By Jim Angell, Cowboy State Daily
Gov. Mark Gordon’s approach to restricting the movements of Wyoming residents to slow the spread of coronavirus has been based on the idea that most will follow advice intended to keep them healthy, he said Tuesday.
Gordon, in an interview with Cowboy State Daily, said he and the governors of South Dakota, North Dakota and Nebraska all agreed that given the chance, their residents would act in their own best interests without “stay-at-home” orders.
“(We) have all kind of taken the approach that you tell people what’s important and you ask them to do the right thing and they’ll exhibit the common sense that we know they have,” he said.
Gordon and fellow governors who have resisted adopting the more restrictive rules had been criticized by some, but Gordon noted that even Dr. Anthony Fauci, one of the key advisors to the White House, endorsed the approach.
“It was nice to have a conversation with Dr. Fauci where we went through that and he said ‘You’re doing all the right things,’” he said. “And he even said it nationally.”
Wyoming was the last state to see a death attributed to coronavirus and the last state to see more than 300 cases of the illness.
“We’re not out of the woods, but I feel so far our efforts have been successful,” Gordon said.
Gordon has faced pressure not only at the national level, but from his constituents for his actions.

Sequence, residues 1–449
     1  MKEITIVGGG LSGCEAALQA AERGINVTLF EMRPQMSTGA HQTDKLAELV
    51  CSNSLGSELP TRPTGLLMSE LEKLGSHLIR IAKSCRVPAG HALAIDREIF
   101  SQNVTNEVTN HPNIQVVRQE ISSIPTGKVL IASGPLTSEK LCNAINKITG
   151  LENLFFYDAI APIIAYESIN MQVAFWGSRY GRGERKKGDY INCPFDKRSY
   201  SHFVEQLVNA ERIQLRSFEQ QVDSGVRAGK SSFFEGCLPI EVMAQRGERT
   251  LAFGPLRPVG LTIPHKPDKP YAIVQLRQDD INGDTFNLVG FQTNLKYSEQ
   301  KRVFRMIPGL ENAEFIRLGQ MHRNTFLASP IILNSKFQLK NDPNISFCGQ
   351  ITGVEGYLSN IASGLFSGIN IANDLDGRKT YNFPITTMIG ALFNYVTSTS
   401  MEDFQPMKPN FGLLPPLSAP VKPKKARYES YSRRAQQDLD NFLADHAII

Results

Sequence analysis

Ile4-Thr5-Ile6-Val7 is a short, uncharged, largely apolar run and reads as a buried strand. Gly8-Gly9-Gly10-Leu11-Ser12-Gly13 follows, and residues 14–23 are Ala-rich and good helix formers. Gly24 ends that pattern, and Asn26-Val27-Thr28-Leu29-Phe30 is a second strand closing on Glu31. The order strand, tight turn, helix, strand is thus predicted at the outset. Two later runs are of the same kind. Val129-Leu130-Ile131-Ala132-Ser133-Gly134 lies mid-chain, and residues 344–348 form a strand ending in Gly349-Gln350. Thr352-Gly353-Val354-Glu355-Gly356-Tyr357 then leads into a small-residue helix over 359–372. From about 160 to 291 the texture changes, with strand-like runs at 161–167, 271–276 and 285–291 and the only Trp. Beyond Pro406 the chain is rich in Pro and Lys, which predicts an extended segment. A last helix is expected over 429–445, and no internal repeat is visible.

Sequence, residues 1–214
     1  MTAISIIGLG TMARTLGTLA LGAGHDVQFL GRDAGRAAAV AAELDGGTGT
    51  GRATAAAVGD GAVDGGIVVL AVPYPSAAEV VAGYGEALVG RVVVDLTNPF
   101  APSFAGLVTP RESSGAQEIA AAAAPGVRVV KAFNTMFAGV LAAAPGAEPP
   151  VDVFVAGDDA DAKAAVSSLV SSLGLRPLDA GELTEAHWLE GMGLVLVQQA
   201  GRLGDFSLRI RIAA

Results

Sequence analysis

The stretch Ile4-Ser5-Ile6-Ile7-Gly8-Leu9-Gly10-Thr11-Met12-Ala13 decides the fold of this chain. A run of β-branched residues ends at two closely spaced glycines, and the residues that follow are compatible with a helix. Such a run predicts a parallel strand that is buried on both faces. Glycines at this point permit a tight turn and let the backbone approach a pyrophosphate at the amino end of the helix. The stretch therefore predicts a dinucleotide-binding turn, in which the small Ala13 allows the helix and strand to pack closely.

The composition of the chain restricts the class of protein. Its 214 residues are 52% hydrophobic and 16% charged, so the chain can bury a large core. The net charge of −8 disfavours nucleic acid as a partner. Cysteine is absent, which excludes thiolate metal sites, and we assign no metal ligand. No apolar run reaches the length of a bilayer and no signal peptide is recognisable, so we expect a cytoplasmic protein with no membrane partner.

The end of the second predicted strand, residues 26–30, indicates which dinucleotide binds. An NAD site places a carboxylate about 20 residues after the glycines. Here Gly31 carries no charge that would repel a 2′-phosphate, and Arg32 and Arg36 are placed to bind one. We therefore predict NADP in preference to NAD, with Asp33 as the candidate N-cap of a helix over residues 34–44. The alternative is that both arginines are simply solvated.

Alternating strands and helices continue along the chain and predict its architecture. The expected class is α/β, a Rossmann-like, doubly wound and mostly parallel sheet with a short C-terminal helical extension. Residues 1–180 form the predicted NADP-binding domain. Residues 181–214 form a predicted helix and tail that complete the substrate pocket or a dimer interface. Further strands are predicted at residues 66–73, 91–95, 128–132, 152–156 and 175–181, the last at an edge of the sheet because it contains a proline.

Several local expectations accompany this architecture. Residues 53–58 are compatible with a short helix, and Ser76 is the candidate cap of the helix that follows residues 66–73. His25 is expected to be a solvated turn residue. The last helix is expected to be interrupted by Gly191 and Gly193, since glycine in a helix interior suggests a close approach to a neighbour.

On Monday, he spoke with a group of protesters demanding that the state lift the restrictions it imposed in March. Meanwhile, some residents have said they would rather the state issue a “stay-at-home” order to restrict the movements of state residents and prevent the spread of the disease.
In March, Gordon and Dr. Alexia Harrist, the state’s public health officer, issued three orders to try to slow the spread of coronavirus. One closed schools and businesses where 10 people or more are likely to gather, another closed businesses providing personal services, such as hair salons and tattoo parlors, and the third prohibited gatherings of more than 10 people.
The state has not ordered the closure of “non-essential” businesses or required that people remain in their homes.
Gordon said his approach embodied a balance state officials knew would have to be reached to both protect the public’s safety and allow the economy to continue operating, where possible.
“In Wyoming’s case, we really had to find the balance because we had the virus arriving late … it hit us in a sort of unpredictable way,” he said. “So we tried to find a course that could balance that.”
The result was that rather than being shut down, most of the state’s major industries have been able to continue operations.
Gordon said he also understood the opinions of those who want to lift all the restrictions immediately rather than leave them in place until at least April 30.
“What I heard yesterday was frustration that I think almost everybody in Wyoming is feeling,” he said. “We need to get moving again. We need the country to get moving again.”
State officials are working this week on developing a process which can be used to guide how the state gradually reopens its businesses, he said.